This was especially true. And our, um, period of peak demand, which again is open enrollment. Um, our enterprise goals were to go for stability and, um, the enterprise goals were, um, especially around open enrollment. We're very focused on, uh, production, reliability goals like production is job one and make sure production is stable. However, this focus was not really countered by any goals that prioritize learning fast delivery of business value. Therefore, even up until 2018, we used to implement an enterprise level production fees during an open enrollment period. This meant that no change was allowed unless absolutely necessary. And 2019, our change management policy, uh, evolved a little bit. Uh, we allowed only necessary changes to production. However, we added quite a bit of rigor questions, like why can't the change not wait until after open enrollment? Uh, we're asked with every release. So, um, to make a change in production, you had to claim that it was really absolutely necessary and that without that change, does that start with, um, so, so, so yeah, we had production freeze production slash anything to kind of discourage change.


So the difference between this and this slash who's it subtle, did it evolve or was there one sort of incident that occurred that enabled this slash to, uh, allow?


Yeah, so that's a good point. Dominica. I think a lot of the reason behind the flush was that we kept looking at our change management analytics and we kept finding that no matter what the change volume was still there. And so people wanted to, uh, or needed to make this production change. Um, you know, so, so the production freeze really was not working as hard as we were trying. So that's why we started going to a model of let's just add more rigor. Let's just try to get, uh, you know, get those changes done that we really absolutely need to get done.


Um, so in 2020, uh, um, we, we, this something which I call a backward story, and this is what I mean by a lot of DevOps transformation stories begin with business had to move forward or delivering faster was, uh, the need to compete in the marketplace, et cetera, not us. Um, especially during open enrollment, our business was sold on the idea of production stability by not making changes to production in the past production changes were scheduled on Friday night. That way, if something went wrong, we would have the whole weekend to recover from it in 2020. However, my dev ops engineering team worked with our retail team to start open enrollment by making is zero downtime deployments. And this was not a trivial change either. This was the change that started open enrollment, and we did it on a, on the Wednesday afternoon that the, my brows, um, this meant that we could use a blue-green deployment environment as a fallback, if something goes wrong, uh, during the release, then do not take the whole weekend to recover just back out to a blue environment. The risk of making changes and production was not significantly lower. And our business saw the potential and now want it to deliver faster. So we actually went from making a capability and then our business saw the potential of that capability. And now has the, um, the thirst for, for speed.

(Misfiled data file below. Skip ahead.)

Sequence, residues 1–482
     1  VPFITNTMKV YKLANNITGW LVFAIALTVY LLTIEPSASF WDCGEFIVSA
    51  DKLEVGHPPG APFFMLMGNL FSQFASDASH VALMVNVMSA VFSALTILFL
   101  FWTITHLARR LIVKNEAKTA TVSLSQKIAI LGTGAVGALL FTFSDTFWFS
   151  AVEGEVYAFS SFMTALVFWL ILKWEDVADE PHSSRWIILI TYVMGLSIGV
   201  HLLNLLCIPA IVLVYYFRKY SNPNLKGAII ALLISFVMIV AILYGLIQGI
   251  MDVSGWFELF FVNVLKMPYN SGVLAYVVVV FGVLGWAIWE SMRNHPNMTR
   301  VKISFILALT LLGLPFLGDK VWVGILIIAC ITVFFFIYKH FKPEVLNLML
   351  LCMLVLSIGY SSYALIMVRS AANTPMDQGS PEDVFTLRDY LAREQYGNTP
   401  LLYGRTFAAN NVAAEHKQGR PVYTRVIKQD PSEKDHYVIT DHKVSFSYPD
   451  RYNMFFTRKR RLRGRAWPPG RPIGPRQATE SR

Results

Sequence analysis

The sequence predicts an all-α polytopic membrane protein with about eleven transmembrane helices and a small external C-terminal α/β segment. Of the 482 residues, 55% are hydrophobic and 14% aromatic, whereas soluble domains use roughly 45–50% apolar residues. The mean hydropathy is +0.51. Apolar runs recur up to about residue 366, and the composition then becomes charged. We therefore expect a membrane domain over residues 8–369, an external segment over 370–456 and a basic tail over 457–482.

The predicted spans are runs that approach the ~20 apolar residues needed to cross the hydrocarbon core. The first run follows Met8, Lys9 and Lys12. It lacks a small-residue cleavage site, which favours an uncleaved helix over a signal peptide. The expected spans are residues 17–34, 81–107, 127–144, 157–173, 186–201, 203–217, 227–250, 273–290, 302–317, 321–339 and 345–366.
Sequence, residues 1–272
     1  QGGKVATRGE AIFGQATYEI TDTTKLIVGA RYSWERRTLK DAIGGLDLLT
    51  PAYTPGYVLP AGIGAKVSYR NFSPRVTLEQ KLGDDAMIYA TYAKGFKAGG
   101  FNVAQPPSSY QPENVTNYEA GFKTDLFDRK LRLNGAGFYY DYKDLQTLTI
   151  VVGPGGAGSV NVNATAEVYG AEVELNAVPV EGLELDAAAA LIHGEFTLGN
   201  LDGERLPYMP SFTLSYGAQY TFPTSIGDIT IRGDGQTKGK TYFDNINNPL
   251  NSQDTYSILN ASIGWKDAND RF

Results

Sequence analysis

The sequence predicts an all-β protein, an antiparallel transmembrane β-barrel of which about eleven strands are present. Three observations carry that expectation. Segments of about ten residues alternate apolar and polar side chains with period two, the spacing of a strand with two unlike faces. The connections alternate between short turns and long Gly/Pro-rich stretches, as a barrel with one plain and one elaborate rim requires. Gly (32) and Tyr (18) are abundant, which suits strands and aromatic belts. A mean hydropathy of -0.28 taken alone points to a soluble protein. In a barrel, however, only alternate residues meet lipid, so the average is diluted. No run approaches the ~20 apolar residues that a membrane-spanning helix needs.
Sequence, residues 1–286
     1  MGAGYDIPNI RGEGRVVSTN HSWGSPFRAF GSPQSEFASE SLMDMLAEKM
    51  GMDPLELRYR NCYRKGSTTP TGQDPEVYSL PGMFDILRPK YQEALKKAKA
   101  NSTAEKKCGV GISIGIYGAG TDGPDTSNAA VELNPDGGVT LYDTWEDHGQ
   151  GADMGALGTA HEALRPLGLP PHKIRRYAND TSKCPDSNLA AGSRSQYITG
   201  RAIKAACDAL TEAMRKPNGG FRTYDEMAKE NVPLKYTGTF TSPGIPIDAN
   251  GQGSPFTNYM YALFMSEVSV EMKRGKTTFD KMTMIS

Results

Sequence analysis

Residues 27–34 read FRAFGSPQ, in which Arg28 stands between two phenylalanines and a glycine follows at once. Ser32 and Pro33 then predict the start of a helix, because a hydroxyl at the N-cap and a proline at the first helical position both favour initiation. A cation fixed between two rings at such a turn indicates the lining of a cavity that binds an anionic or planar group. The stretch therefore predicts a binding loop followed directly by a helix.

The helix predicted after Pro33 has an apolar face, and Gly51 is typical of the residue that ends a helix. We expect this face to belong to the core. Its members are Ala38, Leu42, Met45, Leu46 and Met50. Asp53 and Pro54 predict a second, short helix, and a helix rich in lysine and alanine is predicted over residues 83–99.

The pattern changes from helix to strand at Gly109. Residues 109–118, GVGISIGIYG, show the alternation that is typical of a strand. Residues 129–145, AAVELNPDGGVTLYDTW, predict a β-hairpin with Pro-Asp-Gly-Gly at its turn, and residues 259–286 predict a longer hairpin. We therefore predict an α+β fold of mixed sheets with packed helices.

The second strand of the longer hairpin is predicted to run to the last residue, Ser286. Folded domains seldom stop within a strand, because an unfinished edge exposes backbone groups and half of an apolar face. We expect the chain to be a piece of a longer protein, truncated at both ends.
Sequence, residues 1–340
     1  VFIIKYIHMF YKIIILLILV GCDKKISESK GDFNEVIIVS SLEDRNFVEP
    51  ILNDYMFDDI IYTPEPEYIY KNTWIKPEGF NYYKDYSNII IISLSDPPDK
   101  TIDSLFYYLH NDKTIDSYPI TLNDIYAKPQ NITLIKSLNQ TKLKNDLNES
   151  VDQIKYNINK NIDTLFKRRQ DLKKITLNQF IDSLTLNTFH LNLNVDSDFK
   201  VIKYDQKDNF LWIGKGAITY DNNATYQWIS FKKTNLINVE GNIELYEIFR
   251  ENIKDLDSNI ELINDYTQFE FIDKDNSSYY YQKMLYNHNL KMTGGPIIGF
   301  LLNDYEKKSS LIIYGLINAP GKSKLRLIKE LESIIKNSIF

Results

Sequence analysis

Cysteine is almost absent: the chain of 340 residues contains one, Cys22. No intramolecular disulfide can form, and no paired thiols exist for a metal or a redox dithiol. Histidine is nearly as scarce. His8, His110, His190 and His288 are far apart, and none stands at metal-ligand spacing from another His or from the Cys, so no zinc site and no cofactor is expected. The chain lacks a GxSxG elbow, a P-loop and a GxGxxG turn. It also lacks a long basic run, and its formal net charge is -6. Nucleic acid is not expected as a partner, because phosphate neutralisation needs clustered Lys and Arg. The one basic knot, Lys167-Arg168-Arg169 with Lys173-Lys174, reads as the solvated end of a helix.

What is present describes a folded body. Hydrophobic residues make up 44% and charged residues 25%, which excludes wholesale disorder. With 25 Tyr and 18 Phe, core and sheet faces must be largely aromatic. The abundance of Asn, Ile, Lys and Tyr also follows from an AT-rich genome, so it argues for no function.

Yeah. And also a bit more trust that's there too, since you were able to show them that you could do this zero downtime release and they caught on oh yeah. Maybe, maybe, yeah. Maybe we can get some, a bit of change out there and accept that wee bit more risk.


Yeah. Nothing like nothing like building trust by actually showing that you can do it right. You can talk all you want about, about doing something, but, you know, uh, when you make a change and when you start something as consequential, as open enrollment with zero non-time release, that really, that really gets attention. All right. So, um, we've started in earlier this year in 2021, we started looking at our, um, our product metrics and this is a snapshot of them metrics of one of our very typical products. And you can see here that during year-end free delivery slows down, right. As you can see in the top right graph, um, in the rectangular box, you can see that as soon as, um, open enrollment starts, sure enough, the velocity does go down. Uh, we are delivering less than production, but the rectangular box at the bottom shows that your work in progress continues to go up.


Right? So, so what was happening to us was we were not making any changes in production, but we were, um, still working on those changes, right? So our work in progress was continuing to go up, but, um, but it just was not, uh, was not going into production. But the other thing that was, that was very interesting was, and I call your attention to the oval on the top, right? 10 graph is frequently. There's an urgent change that we needed to make in production that just could not wait until within open enrollment. Right. We can see this is still on the open enrollment period. Suddenly there was a spike and we needed to deliver some features. And this was a very typical pattern, right? This is something that happened with many of our products that would then open enrollment after the initial dip in the velocity, we then went back up and started delivering more.


So the, the learning here was that we are invariably going to need to deliver more before one, one right before the new year. So that, that really means that we have a higher need for agility, even during the year end freeze, even during our period of peak demand, we need to, um, have a higher need for agility. But the things that were prohibiting us from being agile were the work in progress that was continuing to pile up. So the more work in progress we had, the harder it was for us to make these changes fast. Um, and the harder it was for us to be agile, uh, during the period that we really needed to be at the other part is we hadn't neglected our technical debt because we were focused on delivering features just before open enrollment starts, because there was going to be a priest. And so, uh, so because there was so much technical debt that had been accumulated, um, we, we, we really could not have the agility to deliver as fast as we could, or as fast as we want it to, for that spice that was coming. We weren't really prepared very well for it.